A palimpsest (/ˈpælɪmpsɛst/) is a manuscript page, either from a scroll or a book, from which the text has been either scraped or washed off so that the page can be reused, for another document. Parchment and other materials for writing or engraving upon were expensive to produce, and in the interest of economy were re-used wherever possible. In colloquial usage, the term palimpsest is also used in architecture, archaeology, and geomorphology, to denote an object made or worked upon for one purpose and later reused for another, for example a monumental brass the reverse blank side of which has been re-engraved.
Coptic binding or Coptic sewing comprises methods of bookbinding employed by early Christians in Egypt, the Copts, and used from as early as the 2nd century AD to the 11th century.
The Codex Gigas (English: Giant Book) is the largest extant medieval manuscript in the world. It is also known as the Devil's Bible because of a large illustration of the devil on the inside and the legend surrounding its creation. It is thought to have been created in the early 12th century in the Benedictine monastery of Podlažice in Bohemia (modern Czech Republic). It contains the Vulgate Bible as well as many historical documents all written in Latin.
My work is interdisciplinary, combining art and science to explore the complicated history and future of anthropogenic effects on the Earth’s systems. Through handmade paper, artist’s books, and environmental works my practice navigates our planet from atmosphere to core, examining ecological history and visualizing predictions of future global change. My work encourages the audience to look, touch, smell, and taste, providing an experiential introduction to the complexities of ecology. My practice is more than environmental art; it is a political statement, a rejection of industrial modes of production and an embrace of hand papermaking as a worthy artistic medium. Through hand papermaking, in the words of William Morris, I seek to “help to keep alive memories of the past which are necessary elements of the life of the future, and methods of work which no society could afford to lose.”* The work exists at the intersection of art and science, or more specifically, of community and environment. In art and life, the embrace of the handmade vs. machine-made is an anti-capitalist gesture with strong ties to Environmentalism, both seeking “the general movement towards freedom of life for all,”* humans and non-humans alike.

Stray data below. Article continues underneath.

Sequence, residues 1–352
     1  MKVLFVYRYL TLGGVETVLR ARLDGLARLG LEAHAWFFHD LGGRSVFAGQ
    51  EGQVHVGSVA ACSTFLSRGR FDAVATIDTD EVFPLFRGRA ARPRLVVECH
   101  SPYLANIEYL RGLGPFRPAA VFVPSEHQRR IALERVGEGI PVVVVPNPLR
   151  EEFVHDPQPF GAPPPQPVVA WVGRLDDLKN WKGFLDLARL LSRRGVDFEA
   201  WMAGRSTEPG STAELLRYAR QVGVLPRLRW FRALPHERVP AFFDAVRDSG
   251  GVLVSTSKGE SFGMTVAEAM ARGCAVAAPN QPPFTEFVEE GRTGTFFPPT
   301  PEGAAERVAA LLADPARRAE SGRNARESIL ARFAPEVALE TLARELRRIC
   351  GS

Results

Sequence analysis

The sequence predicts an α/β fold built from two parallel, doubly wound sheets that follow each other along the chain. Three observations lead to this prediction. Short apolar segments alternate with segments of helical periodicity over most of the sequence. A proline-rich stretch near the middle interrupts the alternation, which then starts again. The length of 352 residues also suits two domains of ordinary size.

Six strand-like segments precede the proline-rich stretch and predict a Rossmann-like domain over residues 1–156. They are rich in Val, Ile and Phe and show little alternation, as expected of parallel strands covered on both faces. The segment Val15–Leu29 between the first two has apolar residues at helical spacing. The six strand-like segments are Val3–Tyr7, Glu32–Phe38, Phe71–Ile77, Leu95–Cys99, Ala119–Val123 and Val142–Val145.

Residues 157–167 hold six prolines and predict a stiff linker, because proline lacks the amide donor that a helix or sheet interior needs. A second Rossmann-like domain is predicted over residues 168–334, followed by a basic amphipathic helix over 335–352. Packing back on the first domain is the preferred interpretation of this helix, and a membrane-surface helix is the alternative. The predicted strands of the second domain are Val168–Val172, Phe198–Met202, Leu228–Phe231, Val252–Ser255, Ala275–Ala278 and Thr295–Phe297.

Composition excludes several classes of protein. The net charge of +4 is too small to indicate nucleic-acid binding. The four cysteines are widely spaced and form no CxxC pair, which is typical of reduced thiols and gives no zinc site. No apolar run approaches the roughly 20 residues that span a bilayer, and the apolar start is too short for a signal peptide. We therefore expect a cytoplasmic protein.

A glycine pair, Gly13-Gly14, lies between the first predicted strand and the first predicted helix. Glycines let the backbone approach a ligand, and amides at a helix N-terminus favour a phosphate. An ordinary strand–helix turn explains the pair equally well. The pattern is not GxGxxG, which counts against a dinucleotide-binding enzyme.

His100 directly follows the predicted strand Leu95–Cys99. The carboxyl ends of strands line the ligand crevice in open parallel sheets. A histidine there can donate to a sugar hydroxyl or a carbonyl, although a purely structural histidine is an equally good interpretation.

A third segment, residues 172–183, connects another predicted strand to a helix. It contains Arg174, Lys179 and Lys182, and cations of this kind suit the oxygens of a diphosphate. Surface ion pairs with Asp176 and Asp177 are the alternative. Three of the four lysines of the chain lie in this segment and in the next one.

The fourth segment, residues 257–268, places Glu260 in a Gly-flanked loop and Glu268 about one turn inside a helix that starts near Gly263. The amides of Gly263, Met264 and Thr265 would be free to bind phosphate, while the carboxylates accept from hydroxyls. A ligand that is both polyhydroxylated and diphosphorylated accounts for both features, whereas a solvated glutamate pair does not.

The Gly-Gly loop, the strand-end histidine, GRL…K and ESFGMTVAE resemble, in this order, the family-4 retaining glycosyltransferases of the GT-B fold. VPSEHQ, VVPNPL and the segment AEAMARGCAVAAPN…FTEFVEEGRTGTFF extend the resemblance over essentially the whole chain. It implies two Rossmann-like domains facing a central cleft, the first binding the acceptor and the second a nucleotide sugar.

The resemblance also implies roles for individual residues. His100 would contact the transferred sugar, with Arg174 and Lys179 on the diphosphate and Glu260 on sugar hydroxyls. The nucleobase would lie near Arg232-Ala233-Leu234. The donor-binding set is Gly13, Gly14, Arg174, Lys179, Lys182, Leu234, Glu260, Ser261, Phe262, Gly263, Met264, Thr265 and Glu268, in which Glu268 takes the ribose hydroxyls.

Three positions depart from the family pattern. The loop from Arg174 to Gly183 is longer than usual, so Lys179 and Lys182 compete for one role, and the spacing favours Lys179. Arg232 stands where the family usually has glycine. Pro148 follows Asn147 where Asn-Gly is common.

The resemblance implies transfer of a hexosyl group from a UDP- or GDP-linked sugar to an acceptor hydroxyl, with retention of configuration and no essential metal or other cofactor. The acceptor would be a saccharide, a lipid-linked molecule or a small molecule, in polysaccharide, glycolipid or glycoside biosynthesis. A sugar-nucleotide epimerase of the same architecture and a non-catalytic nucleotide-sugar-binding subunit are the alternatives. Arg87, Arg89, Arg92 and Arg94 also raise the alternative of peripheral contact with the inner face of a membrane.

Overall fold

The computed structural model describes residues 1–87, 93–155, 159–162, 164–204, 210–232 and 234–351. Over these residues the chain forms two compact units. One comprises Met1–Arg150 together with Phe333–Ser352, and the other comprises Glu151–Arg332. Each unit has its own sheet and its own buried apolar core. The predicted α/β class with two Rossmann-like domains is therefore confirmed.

An independent graphic designer focussing on art books and art-related material, and is based in Cape Town, South Africa.
I approach art making in the manner of a Victorian naturalist by attempting to name the unnamed and gain an understanding of the world through documenting and cataloging. My work explores a range of topics including systems of thought associated with archives and other collections, natural history artifacts and the rituals of organization. My works are artificially constructed archives; they are documentary objects created in the context of becoming the very thing they document. My approach to language as a tool to navigate the spaces between experience, perception and memory focuses on creating important connective tissue. Language externalizes the interior life. It also harvests and distills the external world, drawing it inward. In my work, cataloging and taxonomy manifest themselves as textual ritual used to aid the viewer in better situating her/his self in the world. I am fascinated with lists, categories and collections and my work attempts to bring order to those things that are least easily ordered.